The largest component driving Snap's (NYSE:SNAP) massive $2.2 billion net loss in the first quarter was stock-based compensation, and the largest component of that was a CEO award to Evan Spiegel. In this segment from Industry Focus: Tech, Motley Fool analyst Dylan Lewis and senior tech specialist Evan Niu, CFA, discuss the company's stock-based compensation and the grant Spiegel recieved.

A full transcript follows the video.

This video was recorded on May 12, 2017.

Dylan Lewis: One of the other things that popped out to me looking at the report was, I mentioned earlier, net loss came in at $2.2 billion. Non-GAAP EBITDA (earnings before interest before taxes, depreciation, and amortization), which backs out stock-based compensation, came in at just under $200 million loss. I think it's worth emphasizing that EBITDA backs out stock-based compensation, because stock-based compensation was huge for Snap in this most recent quarter.

Evan Niu: Yeah. Out of the total net loss of $2.2 billion, $2 billion of that was stock-based compensation. It's not uncommon for companies that go public, because what usually happens is, a lot of the private stock that's been given out when the company is private, there's these performance conditions that can only get met when the company goes public. So, what that does is triggers a ton of vesting and huge expenses are now recognized. So, that's what happened here. But, I think in this case, it's a huge number. For context, when Facebook went public, their first public earnings release, they reported $1.3 billion in stock-based compensation. That's less than what Snap just reported. And when Facebook went public, it was a massive company already, and they IPO-ed at over a $100 billion market cap, and they had 700 [million]-800 million monthly active users -- they were much bigger at that time, and their stock-based comp was less than what Snap just put up.

Lewis: I think one thing that's worth emphasizing with this argument, though, is one grant in particular ate up one-third of that total $2 billion.

Niu: Yeah. That's another red flag to me. As soon as Snap went public, Evan Spiegel got a giant bonus for taking the company public. Those bonuses aren't unheard of in themselves. But what's alarming is the magnitude of it. The CEO grant says he gets an extra 3% of shares outstanding once they go public. So, it turned out to be about $625 [million]-$640 million, that Snap recognized all upfront, immediately after the IPO. And that's just for him, which, as you mentioned, is about a third of the $2 billion total for the quarter. But, what is so weird about it is this award vested immediately, but they pay it out to him in quarterly installments over three years. It's considered an unsecured liability, like, you are an unsecured creditor with this. But then, why did it vest? Because it vested all up front, they ate this giant cost up front. And because it vested up front, there's no service requirements. Obviously, the point of having vesting time frames is to retain employees and make sure they stick around. But they just gave him all this up front, and he could leave the company right now if he wanted to.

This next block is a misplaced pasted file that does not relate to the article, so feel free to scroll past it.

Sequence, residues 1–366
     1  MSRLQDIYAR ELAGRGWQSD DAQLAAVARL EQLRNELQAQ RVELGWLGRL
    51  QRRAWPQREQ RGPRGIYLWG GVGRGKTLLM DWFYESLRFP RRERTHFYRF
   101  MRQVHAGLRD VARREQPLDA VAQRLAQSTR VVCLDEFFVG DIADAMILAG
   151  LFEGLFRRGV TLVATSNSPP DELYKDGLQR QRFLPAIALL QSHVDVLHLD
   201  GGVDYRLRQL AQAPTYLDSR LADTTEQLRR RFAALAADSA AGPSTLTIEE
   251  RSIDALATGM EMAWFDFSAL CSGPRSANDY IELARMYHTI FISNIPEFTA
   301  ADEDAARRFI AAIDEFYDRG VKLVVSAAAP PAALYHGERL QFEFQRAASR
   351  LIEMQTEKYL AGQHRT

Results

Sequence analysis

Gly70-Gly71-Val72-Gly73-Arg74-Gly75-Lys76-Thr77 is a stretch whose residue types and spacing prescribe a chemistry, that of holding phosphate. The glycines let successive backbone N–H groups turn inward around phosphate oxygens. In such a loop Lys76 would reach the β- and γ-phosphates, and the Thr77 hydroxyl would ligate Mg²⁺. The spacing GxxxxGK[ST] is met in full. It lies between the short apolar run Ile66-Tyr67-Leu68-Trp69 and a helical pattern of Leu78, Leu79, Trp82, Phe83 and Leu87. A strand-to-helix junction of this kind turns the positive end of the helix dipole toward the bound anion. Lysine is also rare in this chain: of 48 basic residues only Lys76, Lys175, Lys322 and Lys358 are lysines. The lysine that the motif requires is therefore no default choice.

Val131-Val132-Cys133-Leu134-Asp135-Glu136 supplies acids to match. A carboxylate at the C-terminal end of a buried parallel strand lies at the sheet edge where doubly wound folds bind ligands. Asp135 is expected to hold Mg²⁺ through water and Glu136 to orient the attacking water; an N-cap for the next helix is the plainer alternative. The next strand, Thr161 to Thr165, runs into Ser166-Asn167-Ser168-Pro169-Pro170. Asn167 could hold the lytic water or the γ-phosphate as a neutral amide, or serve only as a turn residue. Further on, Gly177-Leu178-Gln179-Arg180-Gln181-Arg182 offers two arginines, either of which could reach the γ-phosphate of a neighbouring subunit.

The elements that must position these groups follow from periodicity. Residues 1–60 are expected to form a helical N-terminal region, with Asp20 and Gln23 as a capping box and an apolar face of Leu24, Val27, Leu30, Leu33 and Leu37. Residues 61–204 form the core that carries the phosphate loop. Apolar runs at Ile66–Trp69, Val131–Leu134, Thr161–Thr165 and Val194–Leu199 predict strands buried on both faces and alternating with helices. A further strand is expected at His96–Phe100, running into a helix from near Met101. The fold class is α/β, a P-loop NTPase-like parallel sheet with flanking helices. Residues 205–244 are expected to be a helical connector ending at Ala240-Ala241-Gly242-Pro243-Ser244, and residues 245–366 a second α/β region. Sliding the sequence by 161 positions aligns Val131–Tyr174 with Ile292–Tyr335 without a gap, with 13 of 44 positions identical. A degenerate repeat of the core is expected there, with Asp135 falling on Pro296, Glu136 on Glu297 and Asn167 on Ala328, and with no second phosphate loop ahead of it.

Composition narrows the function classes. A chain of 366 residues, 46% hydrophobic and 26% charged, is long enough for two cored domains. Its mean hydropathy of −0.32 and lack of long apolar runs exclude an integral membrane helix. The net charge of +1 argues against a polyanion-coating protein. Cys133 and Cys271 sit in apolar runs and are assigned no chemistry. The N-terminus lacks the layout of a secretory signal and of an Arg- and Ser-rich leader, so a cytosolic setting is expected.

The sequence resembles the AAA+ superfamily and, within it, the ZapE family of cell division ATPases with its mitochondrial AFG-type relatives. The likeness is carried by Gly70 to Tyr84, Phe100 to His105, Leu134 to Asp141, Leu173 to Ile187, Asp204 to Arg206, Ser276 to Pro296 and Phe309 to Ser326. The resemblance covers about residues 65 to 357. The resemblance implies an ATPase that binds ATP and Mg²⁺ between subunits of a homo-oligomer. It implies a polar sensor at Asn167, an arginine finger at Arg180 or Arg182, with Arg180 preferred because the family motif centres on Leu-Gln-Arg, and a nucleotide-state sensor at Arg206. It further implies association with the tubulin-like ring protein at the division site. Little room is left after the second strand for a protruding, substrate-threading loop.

Lewis: And he would retain all those shares.

Niu: Yeah, he still gets to keep them, and they just pay them out over three years. But they're vested, they're his.

Lewis: Yeah. Evan, I know you wrote a whole piece about this. Listeners, if you want to see the numbers broken down on paper rather than having them told to you, email into the show, I'm happy to send it along. I think the thing that you need to remember with this is, the type of grant that we see here, one, it's not particularly great for the business, because you're recognizing a ton of stock-based compensation at once. And it's also not particularly great if you're a long-term investor who wants the CEO to stick around and have skin in the game and a vested interest in the long-term outcome of the business. Like you said, he can walk whenever now.

Niu: Yeah. I don't understand why they wouldn't have it vest over time. Not only would that spread out the cost of the grant, but it also has retention effects. Not that I'm a huge fan of Evan Spiegel as a product visionary, per se, to begin with. But, on principle from a governance perspective, it just doesn't seem right. Combined with all the other governance red flags we've seen with this company, like no voting and things like that, it just doesn't seem like Snap cares about its investors. It seems like they just want to enrich themselves, particularly Evan Spiegel.

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